National Truth and Reconciliation Day: How To Integrate Awareness  In the Workplace

National Truth and Reconciliation Day: How To Integrate Awareness In the Workplace

On September 30th, 2023, Canada observes National Truth and Reconciliation Day, a day dedicated to honouring the lives of First Nations, Inuit, and Métis children who endured the devastating legacy of residential schools. This day is symbolized by the Orange Shirt, signifying hope and a commitment to a better future. To promote awareness and reconciliation, both individuals and organizations can take meaningful steps. Here are seven ways to integrate awareness into your workplace.

  1. Learn Together: Gather your team to learn about Indigenous history in Canada and the Residential School System. There are numerous resources available, such as books like “First Nations 101” by Lynda Gray and podcasts like Orange Shirt Day with Vanessa Mitchell, Tracy Mooney, and Jody Wagner. Consider taking online courses, like the one offered by the University of Alberta on Indigenous People in Canada.
  2. Acknowledge the Territory: Start correspondence and meetings by acknowledging the traditional territories on which you live and work. This simple act recognizes the Indigenous peoples who have stewarded these lands for generations. Visit educational institutes like The Indian Residential School History and Dialogue Center at the University of British Columbia for deeper insights.
  3. Attend Reconciliation Events: Participate as a team in local National Truth and Reconciliation events, whether in person or virtually. These events offer opportunities for education, reflection, and solidarity. For instance, Tsawwassen First Nation is hosting a “Walk for Truth and Reconciliation” on September 30th from 9:45am-12:00pm beginning at their Rec Center.
  4. Support Indigenous Businesses: Promote reconciliation by supporting local First Nations businesses, artists, and products. Look for Indigenous-owned businesses in your area and purchase their products or services. For example, Angela’s Boutique in Ladner, BC sells Orange Shirts, while Salish Beading Beauties creates beautiful beaded jewelry.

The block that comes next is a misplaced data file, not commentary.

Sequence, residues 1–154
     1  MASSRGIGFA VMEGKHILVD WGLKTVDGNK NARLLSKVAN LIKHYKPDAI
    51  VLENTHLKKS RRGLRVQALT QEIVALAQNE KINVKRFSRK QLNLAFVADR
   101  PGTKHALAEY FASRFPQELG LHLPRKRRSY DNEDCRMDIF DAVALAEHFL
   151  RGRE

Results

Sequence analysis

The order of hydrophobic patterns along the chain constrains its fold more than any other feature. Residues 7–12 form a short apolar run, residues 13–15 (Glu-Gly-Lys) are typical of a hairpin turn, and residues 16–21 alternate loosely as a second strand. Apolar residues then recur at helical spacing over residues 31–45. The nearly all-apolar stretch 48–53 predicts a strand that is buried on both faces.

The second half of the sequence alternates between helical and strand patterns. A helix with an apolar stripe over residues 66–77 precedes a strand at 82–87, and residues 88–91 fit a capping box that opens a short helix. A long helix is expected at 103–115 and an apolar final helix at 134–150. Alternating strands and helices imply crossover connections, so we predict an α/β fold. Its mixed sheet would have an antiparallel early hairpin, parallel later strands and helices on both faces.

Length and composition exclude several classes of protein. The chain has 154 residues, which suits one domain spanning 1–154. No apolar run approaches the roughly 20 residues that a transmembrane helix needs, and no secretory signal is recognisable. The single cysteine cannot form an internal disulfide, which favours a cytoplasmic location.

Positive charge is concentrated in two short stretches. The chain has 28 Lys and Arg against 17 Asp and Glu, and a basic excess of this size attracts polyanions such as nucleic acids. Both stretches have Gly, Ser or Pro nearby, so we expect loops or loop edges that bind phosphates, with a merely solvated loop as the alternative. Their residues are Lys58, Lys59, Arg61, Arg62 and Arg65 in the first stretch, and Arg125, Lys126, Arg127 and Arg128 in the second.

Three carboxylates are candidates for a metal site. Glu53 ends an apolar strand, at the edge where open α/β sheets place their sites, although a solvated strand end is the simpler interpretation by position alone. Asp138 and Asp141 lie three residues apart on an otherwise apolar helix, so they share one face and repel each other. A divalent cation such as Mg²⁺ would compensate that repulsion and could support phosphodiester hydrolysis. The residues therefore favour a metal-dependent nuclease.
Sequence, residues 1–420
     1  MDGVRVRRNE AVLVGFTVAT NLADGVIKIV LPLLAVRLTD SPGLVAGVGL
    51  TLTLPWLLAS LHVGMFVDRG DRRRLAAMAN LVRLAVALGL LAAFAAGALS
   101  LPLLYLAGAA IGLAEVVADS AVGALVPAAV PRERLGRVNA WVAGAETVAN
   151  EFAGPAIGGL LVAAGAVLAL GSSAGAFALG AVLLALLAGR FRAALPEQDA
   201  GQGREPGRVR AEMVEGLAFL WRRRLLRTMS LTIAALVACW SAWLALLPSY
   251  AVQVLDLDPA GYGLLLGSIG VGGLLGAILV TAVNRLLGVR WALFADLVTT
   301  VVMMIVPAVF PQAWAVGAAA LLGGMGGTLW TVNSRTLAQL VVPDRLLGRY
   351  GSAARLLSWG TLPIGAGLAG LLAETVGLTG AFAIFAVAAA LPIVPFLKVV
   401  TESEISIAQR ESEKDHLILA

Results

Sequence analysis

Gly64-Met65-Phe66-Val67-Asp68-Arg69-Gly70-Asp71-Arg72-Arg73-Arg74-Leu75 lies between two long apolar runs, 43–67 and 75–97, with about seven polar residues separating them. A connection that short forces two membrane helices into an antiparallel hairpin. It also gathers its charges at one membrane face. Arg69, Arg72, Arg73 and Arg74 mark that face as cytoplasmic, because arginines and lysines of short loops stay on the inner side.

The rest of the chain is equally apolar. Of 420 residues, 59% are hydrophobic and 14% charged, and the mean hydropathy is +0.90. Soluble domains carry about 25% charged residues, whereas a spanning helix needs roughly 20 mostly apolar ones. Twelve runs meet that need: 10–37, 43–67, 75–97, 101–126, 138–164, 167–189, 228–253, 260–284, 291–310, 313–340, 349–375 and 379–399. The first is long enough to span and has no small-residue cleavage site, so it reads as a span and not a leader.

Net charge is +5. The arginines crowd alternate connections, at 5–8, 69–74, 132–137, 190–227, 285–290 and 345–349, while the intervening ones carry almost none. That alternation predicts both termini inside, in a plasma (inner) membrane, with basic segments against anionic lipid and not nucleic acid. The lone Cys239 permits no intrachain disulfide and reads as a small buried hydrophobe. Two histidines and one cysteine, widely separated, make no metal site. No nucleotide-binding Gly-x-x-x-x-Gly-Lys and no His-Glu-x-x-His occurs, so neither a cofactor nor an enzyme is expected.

5. Hire a First Nations Consultant: Consider hiring a First Nations consultant to educate your organization. Businesses like Hummingbird Rising, founded by Musqueam member Rhiannon Bennett and adult educator Andrea Hilder, who aim to foster understanding and compassion among Non-Indigenous Canadians.
  6. Create Visible Sentiments: Make your sentiments visible by sharing space with others in your community. Take part in a shoe collection or interactive activities that allow people to express condolences and prayers. These gestures demonstrate sincere respect and compassion for Indigenous communities. A collective voice of sincere respect is powerful and fosters resilience.

    art board decorated for national truth and reconciliation day 2022

    shoes to represent lost children

  7. In 2022, Erin Alger organized an event at The Delta Municipal Hall. Shoes were collected representing children who were lost and subsequently donated, a collection of books and materials were available to view and other community members and I facilitated an interactive project, allowing visitors to write uplifting messages on sticky notes. These boards were gifted to the sc̓əwaθən məsteyəx (Tsawwassen First Nations) and the xʷməθkʷəy̓əm (Musqueam Indian Band), whose shared, traditional, ancestral, and unceded territories we reside, in an effort to offer a collective voice of sincere respect and compassion and to acknowledge the amazing resilience of their communities).

  8. Embrace Creative Activities: Foster team unity through creative activities that promote reflection and understanding. For example, we encouraged our staff to engage in symbolic projects like weaving yarn through a heart-shaped metal wire wall fixture, honouring the Coast Salish weaving tradition. This allows for reflection and reverence within your workplace.

    image of weaving project for truth and reconciliation day 2023

    In the banner photo of this article you’ll see that in 2022, we invited our team to paint dots (using a bingo dotter) representing the thousands of children who never returned from residential schools, and the survivors. Completed over several days and was a powerful visual aid of loss. Despite this loss, we marvel at the courage and resilience First Nations, Inuit and Métis People today!

    Incorporating awareness and reconciliation efforts into the workplace is a vital step towards healing and understanding. As we remember the children who never returned from residential schools and honor the resilience of Indigenous Peoples, let us work together to create a workplace that is inclusive, compassionate, and dedicated to the belief that every child matters.

As we continue to educate ourselves, and encourage our staff to participate meaningfully in National Truth and Reconciliation Day, our offices will be closed on Monday, October 2nd, 2023 in order to observe the stat holiday. We hope this weekend is a meaningful one for the community, and honouring to our First Nations, Inuit, and Métis neighbours.